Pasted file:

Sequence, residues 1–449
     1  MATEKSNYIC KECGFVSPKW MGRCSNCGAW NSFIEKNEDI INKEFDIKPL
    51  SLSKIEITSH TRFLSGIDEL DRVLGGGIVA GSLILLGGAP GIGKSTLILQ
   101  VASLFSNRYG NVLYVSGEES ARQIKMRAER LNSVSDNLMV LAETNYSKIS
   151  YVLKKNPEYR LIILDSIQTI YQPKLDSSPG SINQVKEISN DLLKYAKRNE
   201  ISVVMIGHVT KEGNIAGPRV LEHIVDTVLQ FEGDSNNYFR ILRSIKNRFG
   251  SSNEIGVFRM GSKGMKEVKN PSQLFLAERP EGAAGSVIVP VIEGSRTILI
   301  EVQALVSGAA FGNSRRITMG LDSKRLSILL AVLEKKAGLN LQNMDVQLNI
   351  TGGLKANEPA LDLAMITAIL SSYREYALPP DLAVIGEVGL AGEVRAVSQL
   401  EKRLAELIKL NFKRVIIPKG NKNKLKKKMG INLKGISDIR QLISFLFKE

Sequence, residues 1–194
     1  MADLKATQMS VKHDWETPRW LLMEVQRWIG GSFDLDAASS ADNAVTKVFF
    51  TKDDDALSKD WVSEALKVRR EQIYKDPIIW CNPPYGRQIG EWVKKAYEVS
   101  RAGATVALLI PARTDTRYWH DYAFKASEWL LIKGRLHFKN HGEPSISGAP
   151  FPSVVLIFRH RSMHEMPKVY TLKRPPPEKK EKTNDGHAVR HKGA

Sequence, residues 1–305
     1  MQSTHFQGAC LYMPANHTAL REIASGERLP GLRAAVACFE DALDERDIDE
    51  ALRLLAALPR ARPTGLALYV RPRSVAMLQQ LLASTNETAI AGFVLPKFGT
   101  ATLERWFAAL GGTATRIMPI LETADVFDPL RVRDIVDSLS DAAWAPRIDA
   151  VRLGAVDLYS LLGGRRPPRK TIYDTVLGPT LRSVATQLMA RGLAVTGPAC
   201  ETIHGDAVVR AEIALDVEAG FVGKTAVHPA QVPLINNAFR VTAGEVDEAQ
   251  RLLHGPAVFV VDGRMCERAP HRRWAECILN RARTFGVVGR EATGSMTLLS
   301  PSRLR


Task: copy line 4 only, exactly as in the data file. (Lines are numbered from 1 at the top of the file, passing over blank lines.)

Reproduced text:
   101  VASLFSNRYG NVLYVSGEES ARQIKMRAER LNSVSDNLMV LAETNYSKIS